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The Command Pattern in Java



The command pattern is a behavioral design pattern and is part of the GoF‘s formal list of design patterns. This pattern intends to encapsulate in an object all the data required for performing a given action (command)


The command pattern encapsulates a request as an object, thereby letting us parameterize other objects with different requests, queue or log requests, and support undoable operations.


In command pattern there is a Command object that encapsulates a request by binding together a set of actions on a specific receiver. It does so by exposing just one method execute() that causes some actions to be invoked on the receiver.


Parameterizing other objects with different requests in our analogy means that the button used to turn on the lights can later be used to turn on stereo or maybe open the garage door.


queue or log requests, and support undoable operations means that Command’s Execute operation can store state for reversing its effects in the Command itself. The Command may have an added unExecute operation that reverses the effects of a previous call to execute.It may also support logging changes so that they can be reapplied in case of a system crash.


Command Pattern is used:

  • When you need parameterize objects according to an action perform.

  • When you need to create and execute requests at different times.

  • When you need to support rollback, logging or transaction functionality.


Advantages:

  • Makes our code extensible as we can add new commands without changing existing code.

  • Reduces coupling the invoker and receiver of a command.


Disadvantages:

  • Increase in the number of classes for each individual command

Example:

Let's understand the example of adapter design pattern by the above UML diagram.


UML for command pattern:



These are the following participants of the Command Design pattern:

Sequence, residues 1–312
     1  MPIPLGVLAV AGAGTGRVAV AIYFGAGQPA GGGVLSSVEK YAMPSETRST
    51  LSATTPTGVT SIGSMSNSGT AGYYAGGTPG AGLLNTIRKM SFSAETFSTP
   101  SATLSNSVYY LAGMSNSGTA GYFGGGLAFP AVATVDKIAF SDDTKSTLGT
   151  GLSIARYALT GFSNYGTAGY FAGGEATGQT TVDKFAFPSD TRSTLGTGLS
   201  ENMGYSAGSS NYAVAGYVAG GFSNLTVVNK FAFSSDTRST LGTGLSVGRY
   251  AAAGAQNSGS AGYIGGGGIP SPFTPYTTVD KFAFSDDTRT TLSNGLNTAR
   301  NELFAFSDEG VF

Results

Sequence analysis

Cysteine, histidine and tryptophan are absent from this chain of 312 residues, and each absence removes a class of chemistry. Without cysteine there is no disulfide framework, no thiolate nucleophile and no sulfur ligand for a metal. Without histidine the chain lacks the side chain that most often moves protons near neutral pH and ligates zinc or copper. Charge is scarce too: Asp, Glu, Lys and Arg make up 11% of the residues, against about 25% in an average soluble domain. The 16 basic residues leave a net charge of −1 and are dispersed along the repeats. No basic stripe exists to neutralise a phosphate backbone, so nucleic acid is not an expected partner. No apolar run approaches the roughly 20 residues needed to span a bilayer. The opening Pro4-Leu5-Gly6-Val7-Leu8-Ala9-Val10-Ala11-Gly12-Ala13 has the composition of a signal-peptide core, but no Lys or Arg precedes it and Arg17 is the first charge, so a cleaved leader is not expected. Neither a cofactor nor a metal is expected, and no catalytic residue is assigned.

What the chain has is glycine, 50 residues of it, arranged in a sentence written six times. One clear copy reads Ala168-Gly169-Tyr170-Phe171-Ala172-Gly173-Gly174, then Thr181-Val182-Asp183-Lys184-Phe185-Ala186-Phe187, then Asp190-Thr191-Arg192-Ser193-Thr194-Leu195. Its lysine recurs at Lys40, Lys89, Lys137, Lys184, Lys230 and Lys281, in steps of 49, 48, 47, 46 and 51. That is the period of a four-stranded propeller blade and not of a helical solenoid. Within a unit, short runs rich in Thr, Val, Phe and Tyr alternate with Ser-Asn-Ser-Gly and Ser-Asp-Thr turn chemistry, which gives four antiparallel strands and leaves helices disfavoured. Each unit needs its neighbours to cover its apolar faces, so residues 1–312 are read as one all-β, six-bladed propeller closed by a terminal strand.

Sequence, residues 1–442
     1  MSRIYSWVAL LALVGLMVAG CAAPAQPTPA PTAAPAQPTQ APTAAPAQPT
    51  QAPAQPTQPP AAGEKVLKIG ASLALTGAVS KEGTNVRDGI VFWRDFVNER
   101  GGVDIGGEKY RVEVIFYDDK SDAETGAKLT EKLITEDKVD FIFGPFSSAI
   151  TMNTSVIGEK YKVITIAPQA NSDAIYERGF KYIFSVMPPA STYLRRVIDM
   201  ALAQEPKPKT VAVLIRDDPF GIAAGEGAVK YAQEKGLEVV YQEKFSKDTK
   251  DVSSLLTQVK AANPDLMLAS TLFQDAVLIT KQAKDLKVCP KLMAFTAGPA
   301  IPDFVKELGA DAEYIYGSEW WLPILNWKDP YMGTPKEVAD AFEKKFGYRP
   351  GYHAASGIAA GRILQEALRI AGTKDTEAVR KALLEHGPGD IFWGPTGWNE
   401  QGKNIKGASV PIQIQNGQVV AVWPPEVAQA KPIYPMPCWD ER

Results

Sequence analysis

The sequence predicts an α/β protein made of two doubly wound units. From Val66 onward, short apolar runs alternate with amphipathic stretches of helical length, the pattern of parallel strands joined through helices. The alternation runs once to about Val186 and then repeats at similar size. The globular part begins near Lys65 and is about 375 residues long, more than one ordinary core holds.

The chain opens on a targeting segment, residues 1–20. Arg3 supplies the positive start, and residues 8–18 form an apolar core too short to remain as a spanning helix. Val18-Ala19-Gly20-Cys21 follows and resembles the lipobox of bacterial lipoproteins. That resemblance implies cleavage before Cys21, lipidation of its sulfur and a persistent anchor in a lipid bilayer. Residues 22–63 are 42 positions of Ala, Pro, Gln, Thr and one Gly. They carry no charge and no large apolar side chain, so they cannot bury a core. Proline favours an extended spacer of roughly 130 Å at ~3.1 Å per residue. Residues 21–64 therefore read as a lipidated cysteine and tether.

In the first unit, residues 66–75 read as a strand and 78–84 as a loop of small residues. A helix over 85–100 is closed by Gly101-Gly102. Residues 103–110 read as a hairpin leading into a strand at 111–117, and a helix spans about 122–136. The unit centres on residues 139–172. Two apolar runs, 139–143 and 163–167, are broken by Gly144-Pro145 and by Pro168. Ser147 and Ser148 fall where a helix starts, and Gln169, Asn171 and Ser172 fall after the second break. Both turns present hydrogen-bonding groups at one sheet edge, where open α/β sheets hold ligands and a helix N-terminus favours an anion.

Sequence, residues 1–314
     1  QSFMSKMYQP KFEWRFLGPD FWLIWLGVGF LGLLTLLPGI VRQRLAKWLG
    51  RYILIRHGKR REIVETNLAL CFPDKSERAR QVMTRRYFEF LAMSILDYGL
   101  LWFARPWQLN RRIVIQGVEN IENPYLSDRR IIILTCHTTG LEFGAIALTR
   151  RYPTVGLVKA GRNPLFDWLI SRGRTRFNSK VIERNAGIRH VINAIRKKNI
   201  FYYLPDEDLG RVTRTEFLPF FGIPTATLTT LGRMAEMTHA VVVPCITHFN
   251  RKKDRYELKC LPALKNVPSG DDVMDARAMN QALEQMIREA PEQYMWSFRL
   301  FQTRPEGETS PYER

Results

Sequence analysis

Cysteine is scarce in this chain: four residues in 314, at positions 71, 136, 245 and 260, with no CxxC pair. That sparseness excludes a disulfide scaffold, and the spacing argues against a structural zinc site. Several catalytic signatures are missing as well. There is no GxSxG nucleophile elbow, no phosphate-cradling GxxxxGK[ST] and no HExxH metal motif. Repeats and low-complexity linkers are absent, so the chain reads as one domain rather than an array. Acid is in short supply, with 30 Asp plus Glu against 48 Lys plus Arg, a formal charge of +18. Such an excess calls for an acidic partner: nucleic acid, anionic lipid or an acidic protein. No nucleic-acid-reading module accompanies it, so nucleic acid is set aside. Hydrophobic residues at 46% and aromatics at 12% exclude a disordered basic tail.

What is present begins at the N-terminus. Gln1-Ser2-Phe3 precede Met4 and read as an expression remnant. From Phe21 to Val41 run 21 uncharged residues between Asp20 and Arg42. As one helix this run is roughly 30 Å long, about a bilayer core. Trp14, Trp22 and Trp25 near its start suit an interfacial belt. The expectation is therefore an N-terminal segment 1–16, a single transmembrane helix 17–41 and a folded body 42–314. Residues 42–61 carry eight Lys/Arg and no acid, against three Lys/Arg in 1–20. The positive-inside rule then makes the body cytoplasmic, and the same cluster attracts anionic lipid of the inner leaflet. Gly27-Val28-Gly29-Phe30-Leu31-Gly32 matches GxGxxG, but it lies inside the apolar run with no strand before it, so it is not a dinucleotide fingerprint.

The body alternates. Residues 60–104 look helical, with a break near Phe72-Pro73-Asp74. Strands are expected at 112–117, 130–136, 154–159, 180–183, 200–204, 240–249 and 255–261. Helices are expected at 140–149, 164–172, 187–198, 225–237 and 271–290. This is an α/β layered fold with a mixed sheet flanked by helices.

1. Command This is an interface for executing an operation.

  2. ConcreteCommand This class extends the Command interface and implements the execute method. This class creates a binding between the action and the receiver.

  3. Client This class creates the ConcreteCommand class and associates it with the receiver.

  4. Invoker This class asks the command to carry out the request.

  5. Receiver This class knows to perform the operation.



Implementation

We have created an interface Order which is acting as a command. We have created a Stock class which acts as a request. We have concrete command classes BuyStock and SellStock implementing Order interface which will do actual command processing. A class Broker is created which acts as an invoker object. It can take and place orders.



Broker object uses command pattern to identify which object will execute which command based on the type of command. CommandPatternDemo, our demo class, will use Broker class to demonstrate command pattern.


Step 1

Create a command interface.

Order.java

public interface Order 
{
    void execute();
}


Step 2

Create a request class.

Stock.java

public class Stock 
{
    private String name = "ABC";
    private int quantity = 10;
    
    public void buy()
    {
        System.out.println("Stock [ Name: "+name+", 
         Quantity: " + quantity +" ] bought");
     }
     public void sell()
     {
         System.out.println("Stock [ Name: "+name+", 
         Quantity: " + quantity +" ] sold");
     }
}


Step 3

Create concrete classes implementing the Order interface.


BuyStock.java

public class BuyStock implements Order 
{
      private Stock abcStock;
      
      public BuyStock(Stock abcStock)
      {
            this.abcStock = abcStock;
      }
      
      public void execute() {
      abcStock.buy();
      }
}

SellStock.java

public class SellStock implements Order 
{
      private Stock abcStock;
      
      public SellStock(Stock abcStock)
      {
            this.abcStock = abcStock;
      }
      public void execute() {
      abcStock.sell();
   }
}


Step 4

Create command invoker class.


Broker.java

import java.util.ArrayList;
import java.util.List;
   public class Broker 
   {
      private List<Order> orderList = new ArrayList<Order>();
      
      public void takeOrder(Order order){
         orderList.add(order);
  }
      
  public void placeOrders()
  {
     for (Order order : orderList) 
     {
         order.execute();
     }
     orderList.clear();
  }
}


Step 5

Use the Broker class to take and execute commands.


CommandPatternDemo.java

public class CommandPatternDemo 
{
      public static void main(String[] args) 
      {
            Stock abcStock = new Stock();
            
            BuyStock buyStockOrder = new BuyStock(abcStock);
            SellStock sellStockOrder = new SellStock(abcStock);
            
            Broker broker = new Broker();      
            broker.takeOrder(buyStockOrder);
            broker.takeOrder(sellStockOrder);

            broker.placeOrders();
     }
}


Step 6

Verify the output.

Stock [ Name: ABC, Quantity: 10 ] bought
Stock [ Name: ABC, Quantity: 10 ] sold


Resource: Tutorialpoint, Javapoint, baeldung


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